But The Poet's room was clearly not a social space: it was very much A Room of One's Own.  I recognised the scribbled loose pages and notebooks of an active writing mind, and admired the unusual and extensive collection of books.  She was incandescent when she discovered a stranger had been allowed in there. I had never before heard the words "invasion", "personal", and "space" used in meaningful juxtaposition, and barely understood the cause of her anger; I beat a hasty retreat.

It seemed odd, to me, to expect privacy in a squat, but then it was an odd and highly-strung household: one member was an aficionado of psychotherapy, who would famously declare one day that he had realised he didn't feel like paying the communal "rent" any more, you know? Such people, egotistical outliers, hyper-sensitive to society's bat-squeaks, are often straws in the wind of changes to come.  We were on the cusp of the 1980s, when the communitarian impulse would seek refuge in therapy and privacy from that unseemly orgy of privatisation, house-price inflation, and swaggering conspicuous consumption.  Obvious in retrospect, I suppose, but not at the time.

Of course, there will always be something deeply annoying about the self-righteous and the self-obsessed, however correct or prescient their divinations and obsessions turn out to be.  As a commenter says on the Guardian site of Alice Oswald's refusal of the language of "beauty" as a form of "colonization":

Much as I admire Alice Oswald, I find it somewhat disingenuous that, while refusing to use certain kinds of language, she lives in, and draws inspiration from, what most ordinary language-users call a beautiful, idyllic, pastoral spot. Were she to find herself living in, say, a landscape of intensively farmed monoculture, I daresay she wouldn't have the luxury of engaging in this linguistic pettifogging.

More to the point, I doubt she would ever consider living in such a place: true artists, it seems to me, are often experts in having their cake and eating it, too.  Unlike those more lowly writers who talk up the attractions of the "unspoiled", as a way of making a living, then complain that the influx of new, vulgar visitors is completely wrecking the place, many contemporary artists denounce the way we misunderstand and corrupt certain places by imposing our wrong-headed and nostalgic notions of "beauty" on them, yet quietly go and live there themselves.  You might say, without too much irony, that it's a tough job, but somebody has to do it.

And remember, you may not now concern yourself with the way the colonization of the natural world by human language may lead us to environmental disaster, but you will, Oscar, you will.

Sunday 15 July 2012

Swithin Swithian

HENRY:  This day is called the feast of Crispian ...
AIDE:  Hold, my liege, a word!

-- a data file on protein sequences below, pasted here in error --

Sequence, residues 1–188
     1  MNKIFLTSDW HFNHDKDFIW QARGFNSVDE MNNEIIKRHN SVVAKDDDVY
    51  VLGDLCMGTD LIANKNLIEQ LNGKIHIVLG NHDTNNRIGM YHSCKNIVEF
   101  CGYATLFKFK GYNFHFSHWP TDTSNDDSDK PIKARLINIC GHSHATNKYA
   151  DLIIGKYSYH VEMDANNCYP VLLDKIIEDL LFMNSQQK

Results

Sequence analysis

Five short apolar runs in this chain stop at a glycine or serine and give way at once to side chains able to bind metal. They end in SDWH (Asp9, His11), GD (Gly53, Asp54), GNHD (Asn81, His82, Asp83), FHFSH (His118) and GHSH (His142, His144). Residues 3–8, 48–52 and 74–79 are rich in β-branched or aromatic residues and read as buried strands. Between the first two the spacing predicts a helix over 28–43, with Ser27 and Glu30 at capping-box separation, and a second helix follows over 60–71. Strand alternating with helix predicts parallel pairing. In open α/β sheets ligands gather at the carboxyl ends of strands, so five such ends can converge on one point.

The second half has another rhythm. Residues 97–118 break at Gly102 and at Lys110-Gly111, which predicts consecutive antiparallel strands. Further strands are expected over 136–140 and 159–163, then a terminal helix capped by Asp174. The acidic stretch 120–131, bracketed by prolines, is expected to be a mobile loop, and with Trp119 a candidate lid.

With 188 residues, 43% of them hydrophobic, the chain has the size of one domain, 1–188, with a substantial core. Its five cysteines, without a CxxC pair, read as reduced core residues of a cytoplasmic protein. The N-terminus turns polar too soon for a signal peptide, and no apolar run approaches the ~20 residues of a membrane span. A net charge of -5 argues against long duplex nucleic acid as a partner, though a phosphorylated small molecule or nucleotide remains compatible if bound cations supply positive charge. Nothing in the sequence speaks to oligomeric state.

HENRY:  What?  Eh? Hold on, sirrah, can't hear a thing with the rain beating on this bloody helmet!
(Henry removes helm, bends, Aide whispereth in the royal ear)
HENRY:  The feast of Swithin?  Are you sure?
AIDE:  Most assuredly, sire. And what is more ...
(Aide whispereth further unto the King)
HENRY:  Forty DAYS?  Is that really what they do say?
AIDE:  Indeed they do, my lord.  They do say:
  St. Swithin's day if thou dost rain
  For forty days it will remain
  St. Swithin's day if thou be fair
  For forty days 'twill rain nae mair.
HENRY:  Are you Scottish, son?
AIDE:  No, sire, 'tis merely the jingle-jangle necessity of this rough clownish rhyme.
HENRY:  I hate bloody clowns! Forty days?
AIDE:  Forty days, sire.
HENRY:  Bugger.  Gentlemen in England this day abed have made a good call, methinks.  Gloucester!
GLOUCESTER:  Aye, my liege!
HENRY:  Call the French herald, and tell him the match is off, sine die.  What call they that place over there?
AIDE:  'Tis the Agincourt Wine Superstore, my lord.
HENRY:  Perfect.  (Draws sword)  Drink, anyone?

Thursday 12 July 2012

The Lake in the Ceiling

Before we settled down, got a mortgage and had kids -- the whole nine bourgeois yards -- my partner and I lived the semi-bohemian life typical of that part of our generation that had embraced political activism and alternative lifestyles. It was simply normal to live in collective squalor, usually in the poorer parts of town, mainly in squats or delapidated "houses of multiple occupation", often with a transient household of friends, friends of friends, and sometimes out-and-out lunatics.

In those years I lived in some memorable places, apart from those usual squats and house-shares. For a while I shared a flat with a couple, Daphne and Floriana (no, really) who were into mild but theatrical BDSM. I also briefly had an entire house to myself in the shadow of the motorway flyover in the soon-to-be-notorious St.Paul's district of Bristol. On Sunday mornings, I could listen to the singing and electric guitars from the nearby Jamaican Pentecostal church.